Also, as under the proposal, the FDIC would propose to update the pricing multipliers assigned to the risk measures being used annually, without the necessity of notice-and-comment rulemaking. Again, however, if the FDIC's annual review and analysis conclude that additional or alternative financial measures, ratios or other risk measures should be used to determine risk-based assessments, changes would be made through notice-and-comment rulemaking.

2. Comparison With the Proposal

While this approach to risk differentiation would not include supervisory evaluations, it would otherwise provide a comprehensive and timely depiction of risk based on available data.[47] As under the proposal, pricing multipliers can be periodically updated to incorporate new financial data and with the publication of pricing multipliers assigned to each risk measure, insured institutions can readily compute their deposit insurance assessments.

Because this approach would also allow incremental pricing for Risk Category I institutions whose rates are between the minimum and maximum rates, small changes in an institution's financial ratios should produce only small changes in assessment rates.

Table 11 shows the percentage of institutions whose assessment rates would change by various amounts under the alternative method compared to the proposed method. The assessment rate for over 90 percent of institutions would change by one-quarter of a basis point or less.

Table 11.—Comparison of Assessment Rates Under the Alternative and the Proposed Method Using Year-End 2005 Data

Higher under the alternative byNo ChangeLower under the alternative by
>0.5 bp0.25-0.5 bp0-0.25 bp0-0.25 bp;0.25-0.5 bp>0.5 bp
Percent of Institutions0.043.9121.5445.0027.342.130.04

Tables 12 and 13 show the distribution of assessment rates by size and by CAMELS composite rating over the period 1997 to 2005, again assuming that annual assessment rates for institutions in Risk Category I ranged from a minimum of 2 basis points to a maximum of 4 basis points.[48] Table 12 shows that, like the proposal, using financial ratios alone to differentiate for risk and price would not result in significant differences in assessment rates based on size. Table 13 shows that, like the proposal, most CAMELS composite 1-rated institutions would pay the minimum rate, while most composite 2-rated institutions would not. However, there is a higher likelihood that a CAMELS composite 2-rated institution would pay less than a CAMELS composite 1-rated institution than under the proposal.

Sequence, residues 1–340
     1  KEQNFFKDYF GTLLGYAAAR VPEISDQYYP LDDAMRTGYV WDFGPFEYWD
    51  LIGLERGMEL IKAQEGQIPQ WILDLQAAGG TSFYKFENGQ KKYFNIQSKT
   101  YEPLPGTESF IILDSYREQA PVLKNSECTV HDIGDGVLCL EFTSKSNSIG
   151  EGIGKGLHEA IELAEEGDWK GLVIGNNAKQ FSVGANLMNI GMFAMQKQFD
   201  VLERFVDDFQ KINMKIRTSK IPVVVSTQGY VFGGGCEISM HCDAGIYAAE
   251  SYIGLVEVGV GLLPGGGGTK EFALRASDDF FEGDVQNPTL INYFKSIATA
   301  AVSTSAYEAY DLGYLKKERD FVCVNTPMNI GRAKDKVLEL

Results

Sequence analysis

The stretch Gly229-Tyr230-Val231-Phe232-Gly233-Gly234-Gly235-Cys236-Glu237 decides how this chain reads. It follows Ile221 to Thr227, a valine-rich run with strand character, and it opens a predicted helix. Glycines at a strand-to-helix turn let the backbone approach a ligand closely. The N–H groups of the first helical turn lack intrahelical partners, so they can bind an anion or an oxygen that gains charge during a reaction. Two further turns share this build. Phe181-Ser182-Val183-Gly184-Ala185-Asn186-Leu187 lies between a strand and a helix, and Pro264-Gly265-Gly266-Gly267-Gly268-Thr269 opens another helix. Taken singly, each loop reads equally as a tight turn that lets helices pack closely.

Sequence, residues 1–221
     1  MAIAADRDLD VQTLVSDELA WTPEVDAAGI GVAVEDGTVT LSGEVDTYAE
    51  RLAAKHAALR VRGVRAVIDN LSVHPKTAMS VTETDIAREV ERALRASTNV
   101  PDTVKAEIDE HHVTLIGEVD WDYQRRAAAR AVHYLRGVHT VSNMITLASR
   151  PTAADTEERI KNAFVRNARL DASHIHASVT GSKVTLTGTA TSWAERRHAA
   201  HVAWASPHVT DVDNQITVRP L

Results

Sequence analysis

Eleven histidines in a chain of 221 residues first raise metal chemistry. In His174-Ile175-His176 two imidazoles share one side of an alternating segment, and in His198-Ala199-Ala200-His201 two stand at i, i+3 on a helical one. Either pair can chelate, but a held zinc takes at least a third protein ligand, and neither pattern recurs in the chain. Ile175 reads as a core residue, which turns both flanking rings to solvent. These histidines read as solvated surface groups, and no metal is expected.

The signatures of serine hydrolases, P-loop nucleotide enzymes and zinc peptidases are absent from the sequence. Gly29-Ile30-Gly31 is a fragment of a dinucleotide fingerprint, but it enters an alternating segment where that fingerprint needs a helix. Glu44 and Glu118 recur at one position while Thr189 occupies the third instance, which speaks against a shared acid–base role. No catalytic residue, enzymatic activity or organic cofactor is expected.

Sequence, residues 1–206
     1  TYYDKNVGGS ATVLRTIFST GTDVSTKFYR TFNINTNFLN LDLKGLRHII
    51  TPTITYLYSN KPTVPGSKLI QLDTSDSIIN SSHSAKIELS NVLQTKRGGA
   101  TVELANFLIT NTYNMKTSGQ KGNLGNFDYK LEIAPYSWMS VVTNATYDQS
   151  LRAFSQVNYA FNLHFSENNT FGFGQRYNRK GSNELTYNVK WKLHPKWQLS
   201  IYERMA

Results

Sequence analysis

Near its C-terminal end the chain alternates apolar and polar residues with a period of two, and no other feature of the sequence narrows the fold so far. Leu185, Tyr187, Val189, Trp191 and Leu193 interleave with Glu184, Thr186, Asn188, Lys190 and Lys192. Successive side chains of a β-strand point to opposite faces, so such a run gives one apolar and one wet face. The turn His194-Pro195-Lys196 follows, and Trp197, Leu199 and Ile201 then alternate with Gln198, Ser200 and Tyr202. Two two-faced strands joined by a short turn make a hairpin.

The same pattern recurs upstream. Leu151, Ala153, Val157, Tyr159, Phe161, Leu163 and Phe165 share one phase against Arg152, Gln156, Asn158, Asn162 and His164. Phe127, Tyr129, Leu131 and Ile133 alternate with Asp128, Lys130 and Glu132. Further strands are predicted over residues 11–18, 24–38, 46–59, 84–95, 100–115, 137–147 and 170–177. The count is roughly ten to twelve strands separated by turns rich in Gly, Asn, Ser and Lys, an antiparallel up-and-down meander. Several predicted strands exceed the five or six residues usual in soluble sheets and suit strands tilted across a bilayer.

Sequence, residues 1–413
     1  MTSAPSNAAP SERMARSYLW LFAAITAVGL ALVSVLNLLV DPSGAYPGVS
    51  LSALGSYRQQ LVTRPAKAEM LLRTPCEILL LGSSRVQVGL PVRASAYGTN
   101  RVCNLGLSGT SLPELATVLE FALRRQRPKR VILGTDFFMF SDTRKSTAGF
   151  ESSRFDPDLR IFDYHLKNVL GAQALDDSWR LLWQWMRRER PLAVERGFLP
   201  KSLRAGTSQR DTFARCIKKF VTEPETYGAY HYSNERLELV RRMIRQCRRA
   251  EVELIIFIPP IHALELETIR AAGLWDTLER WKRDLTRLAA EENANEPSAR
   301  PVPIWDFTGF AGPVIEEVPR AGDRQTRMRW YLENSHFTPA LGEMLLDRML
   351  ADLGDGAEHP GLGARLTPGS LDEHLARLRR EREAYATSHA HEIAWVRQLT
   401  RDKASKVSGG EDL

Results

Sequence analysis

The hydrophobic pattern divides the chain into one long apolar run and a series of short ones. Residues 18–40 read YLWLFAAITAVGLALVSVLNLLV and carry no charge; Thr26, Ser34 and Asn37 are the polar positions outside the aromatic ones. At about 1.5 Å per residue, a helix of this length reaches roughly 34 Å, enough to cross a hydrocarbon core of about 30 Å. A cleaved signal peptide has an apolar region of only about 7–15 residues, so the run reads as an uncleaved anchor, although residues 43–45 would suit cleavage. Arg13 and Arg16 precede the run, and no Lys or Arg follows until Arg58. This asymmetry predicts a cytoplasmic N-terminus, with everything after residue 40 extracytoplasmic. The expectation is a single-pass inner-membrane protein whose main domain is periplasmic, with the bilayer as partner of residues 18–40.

Table 12.—Distribution of Assessment Rates by Size, 1997-2005

Asset size
<=$0.1B$0.1-$0.5B$0.5B-$1B$1B-$10B
25th Percentile2.02.02.02.0
Median2.12.12.12.2
75th Percentile2.82.72.62.8
95th Percentile4.04.04.04.0

Table 13.—Distribution of Assessment Rates by CAMELS Composite Rating, 1997-2005

CAMELS
12
25th Percentile2.02.0
Median2.02.5
75th Percentile2.23.2
95th Percentile3.24.0

3. Possible Variations

As with the FDIC's proposal, variations on the alternative method are also possible, such as excluding the ratio of net income before taxes to risk-weighted assets and the ratio of loan charge-offs to gross assets. Again, any changes in the financial ratios used could result in changes to the pricing multipliers to be used.[49]

Start Printed Page 41919

To incorporate supervisory perspectives that are not captured by financial ratios, the alternative method could also be combined with CAMELS component ratings, but in a manner different from the proposal. Instead of combining a weighted average CAMELS component rating with financial ratios through a statistical analysis, part of the assessment rate could be determined using solely financial ratios, as in the alternative, and the remainder using the weighted average CAMELS component rating. For example, the FDIC could determine a rate using financial ratios only and a rate using the weighted-average CAMELS component rating only and average the two rates to determine the institution's actual assessment rate.[50 51] This variation would more closely resemble the large Risk Category I institution risk differentiation method described in Section VI. If adopted, it would allow greater integration of the approaches.

Another variation could supplement the alternative by incorporating CAMELS component ratings in a more limited manner. For example, a small Risk Category I institution that had an “M” component rating of 3 or higher (or any CAMELS component of 3 or higher) might be charged the maximum assessment rate.

VI. Risk Differentiation Among Larger Institutions in Risk Category I

A. Proposal: Rely on Supervisory Ratings, Long-Term Debt Issuer Ratings, and for Some Institutions, Financial Ratios

1. The Large Institution Risk Differentiation Proposal

The FDIC proposes to differentiate risk among large institutions using a combination of supervisory ratings, long-term debt issuer ratings, financial ratios for some institutions, and additional risk information. This approach shares two elements in common with the small institution approach: CAMELS component ratings, and financial ratios. The additional elements in the large institution approach are the explicit use of debt rating information and the consideration of additional risk information that is typically available for larger institutions. The debt rating information element would be gradually phased in, and the financial ratio element would be gradually phased out, as an institution's assets increased from $10 billion to $30 billion.